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Old 10-19-2006, 03:27 AM   #1
william56
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Nvidia driver


I downloaded the driver but went to install
it bash tell me no such file ro dir
 
Old 10-19-2006, 04:24 AM   #2
socceroos
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I'll just guess that you're not too used to using the command line interface to install drivers in linux. So forgive me if I sound patronizing.

Ok, so you are using the 'command line interface' to install the Nvidia drivers? You will need to make sure that bash is working from the same directory that you downloaded the file to.

So, for example, if you downloaded the file to /home/user/downloads/nvidia.bin then from the Command Line interface you will need to type in these commands:

chmod 755 /home/user/downloads/nvidia.bin

And then press 'Enter'. Now, type:

/home/user/downloads/nvidia.bin

And press 'Enter'.

If you still find this too hard to do then just say so and I'll help some more!

Hope this helps mate!
 
Old 10-19-2006, 09:08 AM   #3
NAC
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what a kind man, very good answer.
but Should I add a dot in the front?

/home/user/downloads/nvidia.bin

[root@localhost]#./home/user/downloads/nvidia.bin

thanks a lot
 
Old 10-19-2006, 09:22 AM   #4
odd2k
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Quote:
Originally Posted by NAC
what a kind man, very good answer.
but Should I add a dot in the front?

/home/user/downloads/nvidia.bin

[root@localhost]#./home/user/downloads/nvidia.bin

thanks a lot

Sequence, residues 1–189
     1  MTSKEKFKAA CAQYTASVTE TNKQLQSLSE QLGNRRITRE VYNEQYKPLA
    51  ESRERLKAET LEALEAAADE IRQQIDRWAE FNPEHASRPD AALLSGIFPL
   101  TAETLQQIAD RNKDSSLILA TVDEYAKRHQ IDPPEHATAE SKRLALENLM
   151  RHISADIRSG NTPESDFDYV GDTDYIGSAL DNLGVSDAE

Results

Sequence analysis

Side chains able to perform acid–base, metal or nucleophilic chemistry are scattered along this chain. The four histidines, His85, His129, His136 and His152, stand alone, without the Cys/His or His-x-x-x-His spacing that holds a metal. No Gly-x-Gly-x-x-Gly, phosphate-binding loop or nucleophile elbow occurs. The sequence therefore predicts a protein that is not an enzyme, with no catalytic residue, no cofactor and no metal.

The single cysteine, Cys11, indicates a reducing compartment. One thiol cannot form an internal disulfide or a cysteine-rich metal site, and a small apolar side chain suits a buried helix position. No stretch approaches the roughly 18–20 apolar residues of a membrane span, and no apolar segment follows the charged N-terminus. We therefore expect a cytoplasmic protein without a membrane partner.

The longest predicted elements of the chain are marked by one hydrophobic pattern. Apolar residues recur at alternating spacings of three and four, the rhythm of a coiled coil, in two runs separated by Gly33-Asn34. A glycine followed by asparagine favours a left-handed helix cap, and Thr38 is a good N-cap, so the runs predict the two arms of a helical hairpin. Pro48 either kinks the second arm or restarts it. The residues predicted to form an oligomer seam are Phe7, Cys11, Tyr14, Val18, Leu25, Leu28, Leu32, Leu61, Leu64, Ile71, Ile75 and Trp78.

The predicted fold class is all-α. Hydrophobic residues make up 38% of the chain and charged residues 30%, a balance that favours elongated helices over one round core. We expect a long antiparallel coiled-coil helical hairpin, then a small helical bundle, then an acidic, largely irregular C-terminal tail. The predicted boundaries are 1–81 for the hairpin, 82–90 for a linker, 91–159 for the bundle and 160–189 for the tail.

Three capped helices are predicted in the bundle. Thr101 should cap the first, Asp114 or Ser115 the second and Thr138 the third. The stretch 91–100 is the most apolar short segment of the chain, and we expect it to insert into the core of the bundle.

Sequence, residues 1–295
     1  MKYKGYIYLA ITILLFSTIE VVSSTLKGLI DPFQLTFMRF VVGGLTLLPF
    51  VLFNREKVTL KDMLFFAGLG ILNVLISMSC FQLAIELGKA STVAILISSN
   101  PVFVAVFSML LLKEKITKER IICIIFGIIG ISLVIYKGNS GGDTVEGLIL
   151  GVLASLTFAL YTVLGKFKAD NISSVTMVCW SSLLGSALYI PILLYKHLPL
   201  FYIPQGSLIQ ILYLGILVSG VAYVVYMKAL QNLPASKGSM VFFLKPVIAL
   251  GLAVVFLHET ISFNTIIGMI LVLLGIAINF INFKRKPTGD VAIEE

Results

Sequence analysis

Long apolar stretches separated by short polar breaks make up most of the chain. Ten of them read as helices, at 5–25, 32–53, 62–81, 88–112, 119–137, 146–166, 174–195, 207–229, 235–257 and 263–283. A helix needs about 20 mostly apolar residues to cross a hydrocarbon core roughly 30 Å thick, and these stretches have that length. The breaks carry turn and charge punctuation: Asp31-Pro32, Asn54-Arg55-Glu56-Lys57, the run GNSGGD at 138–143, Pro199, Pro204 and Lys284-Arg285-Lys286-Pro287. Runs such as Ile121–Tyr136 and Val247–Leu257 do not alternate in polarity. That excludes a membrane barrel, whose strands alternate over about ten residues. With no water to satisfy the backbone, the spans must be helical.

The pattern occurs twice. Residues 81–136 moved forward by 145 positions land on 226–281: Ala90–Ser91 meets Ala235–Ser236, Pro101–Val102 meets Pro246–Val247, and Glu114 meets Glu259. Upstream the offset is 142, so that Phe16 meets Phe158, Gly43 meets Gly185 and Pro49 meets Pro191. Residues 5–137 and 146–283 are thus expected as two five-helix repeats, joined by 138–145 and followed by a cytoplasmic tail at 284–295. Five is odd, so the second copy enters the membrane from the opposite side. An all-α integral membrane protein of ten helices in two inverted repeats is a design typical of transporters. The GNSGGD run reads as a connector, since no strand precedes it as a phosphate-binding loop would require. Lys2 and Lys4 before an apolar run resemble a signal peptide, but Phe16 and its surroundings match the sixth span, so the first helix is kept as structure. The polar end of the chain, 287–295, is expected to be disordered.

Hm, I don't think that's neccessary in a normal bash session. Isn't the dot just an alias for bash itself, which you are already running?
 
Old 10-19-2006, 01:53 PM   #5
serafean
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Quote:
Originally Posted by NAC
what a kind man, very good answer.
but Should I add a dot in the front?

/home/user/downloads/nvidia.bin

[root@localhost]#./home/user/downloads/nvidia.bin

thanks a lot
Hm, I don't think that's neccessary in a normal bash session. Isn't the dot just an alias for bash itself, which you are already running?
Personnaly, I always had to do : # sh /home/.../nvidia.bin ; the dot never worked for me :-)
 
Old 10-19-2006, 02:30 PM   #6
soggycornflake
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Quote:
Originally Posted by NAC
what a kind man, very good answer.
but Should I add a dot in the front?

/home/user/downloads/nvidia.bin

[root@localhost]#./home/user/downloads/nvidia.bin

thanks a lot
. means "the current directory" and since /home/user/downloads/nvidia.bin is an absolute path, prepending a . will not work (unless you have a directory called /home/user/home/user/downloads/nvidia.bin).

Perhaps you were thinking of ./downloads/nvidia.bin (assuming $PWD == /home/user, of course).
 
Old 10-19-2006, 03:21 PM   #7
farslayer
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I would just do the following

cd to directory that contains the nvidia driver file, make the file executable, then run it

cd /home/user/downloads
chmod +x nvidia.bin (make the file executable)
./nvidia.bin to run the binary nvidia installer ./ means the file is in the current directory
nano /etc/X11/xorg.conf edit your X config according to the nVidia docs to use the new driver

Of course that's providing that the Linux distribution you are using doesn't already have a better/easier way of installing the nVidia drivers. I know Debian and Ubuntu use a different method that is easy and works well..
 
Old 10-20-2006, 03:05 AM   #8
socceroos
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There are six million and two different ways to achieve it. But for someone who is new to linux, getting by with the least ammount of commands is helpful.

As soggycornflake said, you only use a './' in front of your command if you are telling bash (sh, zsh etc.) to start looking in the current directory you are in.
 
Old 10-20-2006, 07:19 AM   #9
NAC
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I am learning , thanks a lot 2 everyone..
 
Old 10-23-2006, 07:11 AM   #10
william56
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Thank for help eveyone
 
  


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